Muslim community remembers Islamophobic impact of 9/11
HUNTSVILLE, Ala. (WAFF) - Mustafa Hassoun grew up in Huntsville, Alabama. His experience was always colored by the racism triggered by 9/11. “I came to realize because those terrorists look like me in the sense that they’re brown and have beards. A lot of people began to conflate me and my family with those individuals and lumped us together in a basket.”
His parents came to the United States from Iraq to find a safe haven and a fresh start. They were living in New York City during 9/11 and felt a loss of safety when the planes hit the Twin Towers. That was just the beginning of 9/11′s impact on their lives.
A lot of Muslim people in North Alabama say they won’t forget the trauma of 9/11 and how the Islamophobic aftermath unfolded.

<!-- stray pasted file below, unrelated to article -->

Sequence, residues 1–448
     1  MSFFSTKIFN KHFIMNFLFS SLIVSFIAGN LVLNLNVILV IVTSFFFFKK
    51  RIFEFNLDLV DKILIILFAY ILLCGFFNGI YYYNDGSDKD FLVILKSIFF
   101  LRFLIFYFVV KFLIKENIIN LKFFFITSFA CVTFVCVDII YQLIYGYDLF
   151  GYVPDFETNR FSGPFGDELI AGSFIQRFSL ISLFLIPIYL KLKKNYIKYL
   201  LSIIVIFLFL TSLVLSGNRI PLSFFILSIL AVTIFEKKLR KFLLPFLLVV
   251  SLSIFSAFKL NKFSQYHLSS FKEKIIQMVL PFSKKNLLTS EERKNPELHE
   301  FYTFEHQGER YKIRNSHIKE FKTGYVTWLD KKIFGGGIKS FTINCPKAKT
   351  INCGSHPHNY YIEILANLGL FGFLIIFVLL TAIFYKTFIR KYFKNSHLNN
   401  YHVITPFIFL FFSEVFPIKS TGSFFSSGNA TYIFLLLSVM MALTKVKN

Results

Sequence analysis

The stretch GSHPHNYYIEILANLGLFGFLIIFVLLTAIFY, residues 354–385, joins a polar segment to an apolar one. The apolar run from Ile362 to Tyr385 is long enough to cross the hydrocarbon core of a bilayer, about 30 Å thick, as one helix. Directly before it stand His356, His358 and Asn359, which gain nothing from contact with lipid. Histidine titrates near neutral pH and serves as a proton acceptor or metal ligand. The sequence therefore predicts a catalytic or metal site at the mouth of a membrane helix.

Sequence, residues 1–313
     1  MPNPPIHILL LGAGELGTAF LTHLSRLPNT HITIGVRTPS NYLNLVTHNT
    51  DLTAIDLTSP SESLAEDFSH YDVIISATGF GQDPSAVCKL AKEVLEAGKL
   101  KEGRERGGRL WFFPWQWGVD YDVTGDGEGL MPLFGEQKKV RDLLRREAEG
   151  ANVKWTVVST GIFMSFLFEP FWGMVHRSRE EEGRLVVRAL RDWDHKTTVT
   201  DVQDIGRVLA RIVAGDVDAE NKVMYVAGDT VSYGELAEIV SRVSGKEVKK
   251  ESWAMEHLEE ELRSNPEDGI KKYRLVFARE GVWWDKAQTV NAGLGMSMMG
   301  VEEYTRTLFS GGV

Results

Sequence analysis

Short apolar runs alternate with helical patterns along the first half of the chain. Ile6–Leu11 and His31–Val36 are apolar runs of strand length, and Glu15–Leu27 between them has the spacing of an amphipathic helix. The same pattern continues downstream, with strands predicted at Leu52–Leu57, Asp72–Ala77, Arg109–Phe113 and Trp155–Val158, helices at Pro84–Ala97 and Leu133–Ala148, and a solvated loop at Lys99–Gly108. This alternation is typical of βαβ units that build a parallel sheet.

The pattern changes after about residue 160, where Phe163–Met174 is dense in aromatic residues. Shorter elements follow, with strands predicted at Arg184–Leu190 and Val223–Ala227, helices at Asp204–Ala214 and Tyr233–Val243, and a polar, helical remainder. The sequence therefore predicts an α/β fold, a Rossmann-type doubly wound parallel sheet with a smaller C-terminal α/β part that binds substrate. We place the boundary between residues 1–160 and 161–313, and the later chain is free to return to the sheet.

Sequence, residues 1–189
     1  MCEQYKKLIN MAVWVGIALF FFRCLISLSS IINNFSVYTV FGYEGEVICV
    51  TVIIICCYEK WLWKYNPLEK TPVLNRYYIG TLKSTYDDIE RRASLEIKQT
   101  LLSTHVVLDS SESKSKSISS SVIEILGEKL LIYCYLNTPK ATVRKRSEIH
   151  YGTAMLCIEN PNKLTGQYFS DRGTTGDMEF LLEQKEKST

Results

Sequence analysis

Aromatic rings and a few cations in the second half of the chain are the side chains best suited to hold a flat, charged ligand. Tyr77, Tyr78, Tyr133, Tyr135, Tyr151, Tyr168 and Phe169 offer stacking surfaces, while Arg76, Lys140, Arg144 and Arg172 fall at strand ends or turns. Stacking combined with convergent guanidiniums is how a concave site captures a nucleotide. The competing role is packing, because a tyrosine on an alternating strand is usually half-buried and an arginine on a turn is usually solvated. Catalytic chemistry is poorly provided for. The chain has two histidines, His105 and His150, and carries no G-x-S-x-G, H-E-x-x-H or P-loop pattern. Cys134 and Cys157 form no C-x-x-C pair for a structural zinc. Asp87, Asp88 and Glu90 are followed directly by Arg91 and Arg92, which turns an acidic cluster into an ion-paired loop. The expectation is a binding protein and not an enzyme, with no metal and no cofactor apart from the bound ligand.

According to the New York Times, following the deadly 9/11 attacks, many politicians used divisive language on campaign trails blaming the entire religion of Islam for the actions of a few people. Local community members say Islam is far from a violent religion.
“When we study our religion and the message that our prophet gave us, we really could not find any for the justification of what happened.” Dr. Qureshi said, “Islam is just like other religions like Christianity or Judaism. It teaches us spirituality, how to love one another, how to be generous to one another.”
Officials with the FBI say the number of anti-Muslim hate crime incidents jumped in 2001, from 28 to 481. Even 20 years later, we still haven’t gotten back to those pre-9/11 numbers. People from our community say the hate and stigma made them confused. It made them question who they are and where they belong.
As we reflect and remember the 9-11 tragedy, members of the Islamic faith say they hope all of us can come together to try and understand one another.
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